Ghana’s population is now estimated at 29.6 million up from the 24.5 million recorded during the 2010 Population and Housing Census, a Chief Statistician with the Ghana Statistical Service, David Kombat has disclosed.
He said the country’s population growth rate is at an estimated 2.5 annually, adding that an estimated 38.8 per cent of the population is made up of the youth.
Ghana’s population has grown by more than 23 million people when the population was estimated at less than six million at independence in 1957.
Other indicators from the United Nation’s World Population Review Report (2017) estimated that life expectancy for female in Ghana is 64. That of male is 62.1 years, with fertility rate at 3.8 children per woman.
Mr Kombat said that, Ghana had a youthful population of 38.8 per cent saying “if provided with education, skills training it will help to create educated workforce that can increase the fortunes of the country”. If that is done, he said “we will be working toward Demographic Dividend.”
He explained demographic dividend as an opportunity opened to the country, as a result of the youthful population to accelerate its socio-economic development from skillful and well-trained labour force.
The Chief Statistician expressed the need for access to quality education and healthcare, especially reproductive health and the need to empower women economically, entrepreneurial skills development to drive economic growth.
The youthfulness of Ghana’s population, according to some demographers, could have negative impact when the youth are not well-equipped with skills to be gainfully employed and to be empowered to contribute to national development.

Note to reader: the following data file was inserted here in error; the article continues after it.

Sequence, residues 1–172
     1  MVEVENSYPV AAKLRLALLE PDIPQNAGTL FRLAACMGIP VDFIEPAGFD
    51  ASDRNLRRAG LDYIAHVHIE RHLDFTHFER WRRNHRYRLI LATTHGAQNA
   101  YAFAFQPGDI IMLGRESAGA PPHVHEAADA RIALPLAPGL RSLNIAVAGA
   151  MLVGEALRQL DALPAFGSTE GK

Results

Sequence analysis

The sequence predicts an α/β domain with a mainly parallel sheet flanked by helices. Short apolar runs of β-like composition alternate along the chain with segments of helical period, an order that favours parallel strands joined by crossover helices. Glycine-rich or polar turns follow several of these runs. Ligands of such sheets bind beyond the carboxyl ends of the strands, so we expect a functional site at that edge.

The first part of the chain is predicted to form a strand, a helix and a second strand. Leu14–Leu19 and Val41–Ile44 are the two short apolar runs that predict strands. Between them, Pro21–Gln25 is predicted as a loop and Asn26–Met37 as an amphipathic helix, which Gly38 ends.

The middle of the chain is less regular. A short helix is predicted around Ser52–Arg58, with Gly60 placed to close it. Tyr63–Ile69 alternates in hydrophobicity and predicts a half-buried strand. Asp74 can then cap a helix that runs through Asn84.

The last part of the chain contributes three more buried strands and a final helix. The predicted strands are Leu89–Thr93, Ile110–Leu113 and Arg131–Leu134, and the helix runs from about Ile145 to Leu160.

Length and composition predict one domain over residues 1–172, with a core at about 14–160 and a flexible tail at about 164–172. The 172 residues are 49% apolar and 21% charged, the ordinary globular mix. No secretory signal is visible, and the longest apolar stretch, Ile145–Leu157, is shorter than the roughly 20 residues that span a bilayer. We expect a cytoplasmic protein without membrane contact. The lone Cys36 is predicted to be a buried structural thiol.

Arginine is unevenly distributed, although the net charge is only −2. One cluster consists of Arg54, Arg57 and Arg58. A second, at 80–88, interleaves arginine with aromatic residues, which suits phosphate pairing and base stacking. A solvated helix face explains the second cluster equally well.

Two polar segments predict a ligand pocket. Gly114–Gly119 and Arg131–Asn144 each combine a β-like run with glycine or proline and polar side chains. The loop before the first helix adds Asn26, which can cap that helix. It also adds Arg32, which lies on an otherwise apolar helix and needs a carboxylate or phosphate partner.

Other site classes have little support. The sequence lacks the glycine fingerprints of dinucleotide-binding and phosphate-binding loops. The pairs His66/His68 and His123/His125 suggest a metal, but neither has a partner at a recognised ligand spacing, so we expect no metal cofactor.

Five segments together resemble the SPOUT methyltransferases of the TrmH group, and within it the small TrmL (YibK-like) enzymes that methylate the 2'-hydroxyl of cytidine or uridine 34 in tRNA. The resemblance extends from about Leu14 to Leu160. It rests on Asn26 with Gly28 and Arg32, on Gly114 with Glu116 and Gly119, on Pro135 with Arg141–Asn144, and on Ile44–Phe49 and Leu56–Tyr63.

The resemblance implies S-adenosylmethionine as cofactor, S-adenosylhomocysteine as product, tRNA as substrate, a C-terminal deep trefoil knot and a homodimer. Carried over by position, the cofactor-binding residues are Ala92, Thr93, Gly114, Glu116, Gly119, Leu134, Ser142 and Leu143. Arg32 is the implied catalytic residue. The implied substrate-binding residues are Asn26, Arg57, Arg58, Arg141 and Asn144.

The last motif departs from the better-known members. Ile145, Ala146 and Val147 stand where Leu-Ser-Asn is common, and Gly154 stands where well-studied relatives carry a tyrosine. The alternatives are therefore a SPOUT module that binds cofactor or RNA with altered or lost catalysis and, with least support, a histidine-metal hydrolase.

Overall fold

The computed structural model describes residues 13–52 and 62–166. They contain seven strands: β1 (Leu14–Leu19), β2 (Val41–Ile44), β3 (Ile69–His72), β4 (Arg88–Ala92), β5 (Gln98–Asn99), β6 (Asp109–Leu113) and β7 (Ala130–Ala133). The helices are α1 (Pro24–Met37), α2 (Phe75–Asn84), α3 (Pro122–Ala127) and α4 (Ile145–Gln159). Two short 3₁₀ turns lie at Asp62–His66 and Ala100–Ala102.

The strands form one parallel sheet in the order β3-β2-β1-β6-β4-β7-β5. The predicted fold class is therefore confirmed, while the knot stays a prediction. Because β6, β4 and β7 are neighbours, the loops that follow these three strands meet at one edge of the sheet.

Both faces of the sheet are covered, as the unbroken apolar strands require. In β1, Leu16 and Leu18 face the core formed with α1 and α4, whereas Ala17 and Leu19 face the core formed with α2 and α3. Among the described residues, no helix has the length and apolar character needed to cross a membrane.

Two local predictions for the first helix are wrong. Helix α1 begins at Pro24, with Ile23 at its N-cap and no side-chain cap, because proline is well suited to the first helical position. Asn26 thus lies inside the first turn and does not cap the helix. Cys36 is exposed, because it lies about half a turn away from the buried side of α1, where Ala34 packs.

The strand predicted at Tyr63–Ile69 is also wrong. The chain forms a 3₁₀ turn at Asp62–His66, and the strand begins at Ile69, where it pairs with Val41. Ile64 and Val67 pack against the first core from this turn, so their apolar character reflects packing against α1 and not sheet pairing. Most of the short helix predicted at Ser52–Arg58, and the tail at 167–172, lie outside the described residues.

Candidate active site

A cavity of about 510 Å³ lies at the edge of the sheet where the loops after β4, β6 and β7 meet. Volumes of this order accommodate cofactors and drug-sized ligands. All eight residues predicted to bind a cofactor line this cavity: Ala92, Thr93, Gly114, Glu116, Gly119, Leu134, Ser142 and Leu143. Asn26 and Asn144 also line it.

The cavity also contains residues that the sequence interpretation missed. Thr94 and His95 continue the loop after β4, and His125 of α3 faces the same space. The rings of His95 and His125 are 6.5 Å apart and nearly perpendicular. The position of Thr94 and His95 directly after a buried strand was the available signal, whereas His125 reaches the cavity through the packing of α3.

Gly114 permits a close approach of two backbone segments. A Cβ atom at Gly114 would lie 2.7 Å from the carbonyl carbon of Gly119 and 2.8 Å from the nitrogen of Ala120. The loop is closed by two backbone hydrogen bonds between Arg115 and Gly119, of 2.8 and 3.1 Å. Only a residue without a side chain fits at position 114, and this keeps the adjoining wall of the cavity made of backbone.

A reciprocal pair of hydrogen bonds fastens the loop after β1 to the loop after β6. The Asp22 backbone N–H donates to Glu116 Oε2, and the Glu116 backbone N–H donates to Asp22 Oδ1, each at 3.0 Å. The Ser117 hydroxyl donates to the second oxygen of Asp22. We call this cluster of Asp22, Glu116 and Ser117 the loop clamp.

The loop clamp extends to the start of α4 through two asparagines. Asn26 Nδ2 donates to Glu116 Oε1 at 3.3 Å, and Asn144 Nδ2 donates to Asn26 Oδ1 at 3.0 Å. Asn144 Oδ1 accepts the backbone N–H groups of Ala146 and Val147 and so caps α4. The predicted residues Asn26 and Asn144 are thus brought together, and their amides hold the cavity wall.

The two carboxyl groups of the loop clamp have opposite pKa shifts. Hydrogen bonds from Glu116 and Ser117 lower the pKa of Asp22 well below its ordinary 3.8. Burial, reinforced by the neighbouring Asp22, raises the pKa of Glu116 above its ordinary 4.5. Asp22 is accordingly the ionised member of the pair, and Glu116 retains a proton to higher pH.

Other demographers have expressed concern that though the total fertility rate which represents the average number of children per woman over the course of her lifetime has declined from 5.6 in the 90s to 3.8 as projected by the world population review report, is still high and called for increase in family planning service.
Mr Kombat, who is the Census Coordinator, said preparations were underway to conduct the 2020 population census with mapping out of the country into enumeration zones and the selection of topics to be investigated.
The Chief Statistician said since Ghana had subscribed to the Sustainable Development Goals, there was the need for broad stakeholder engagement, to agree on the thematic areas to investigate to generate data for national development planning.
This, he said, would help to take cognizance of the country’s obligations to eradicate poverty, ensuring gender equity, justice and climate change, to be achieved by 2030 as required under the SDGs agenda.
Topics often captured in census are sex, age and distribution to inform the age structure of the population, housing characteristic, literacy and education, marital status, fertility and reproductive health, disability, employment and economic characteristics and information technology.
Population census which is carried out to generate data for development planning dates back to the colonial period, when the chiefs counted their subjects using the traditional method, where heads of household dropped different grains into receptacles to signify the various sexes.
Official population census in Ghana dates as far back in 1891 when the British colonial authorities conducted the first census which was restricted to the southern part of the Gold Coast and subsequent censuses were extended to the whole country by 1921 which recorded the population of the country at two million.
After 1891 there were censuses in every 10 years: 1901, 1911, 1921 and 1931. There was no census in 1945 because of the Second World War. The 1960 census was the first post-colonial census to be carried out in Ghana in accordance with the internationally adopted United Nations technique and recommendations.
The population of Ghana was 6.7 million in 1960; 8.6 million in 1970; Ghana did not conduct census in 1980 but in 1984 which put the population of the country as 12.3 million people; the population grew to 18.9 in 2000 and went up to 24.51 at the last census conducted in 2010.
Source: Ghanaian Times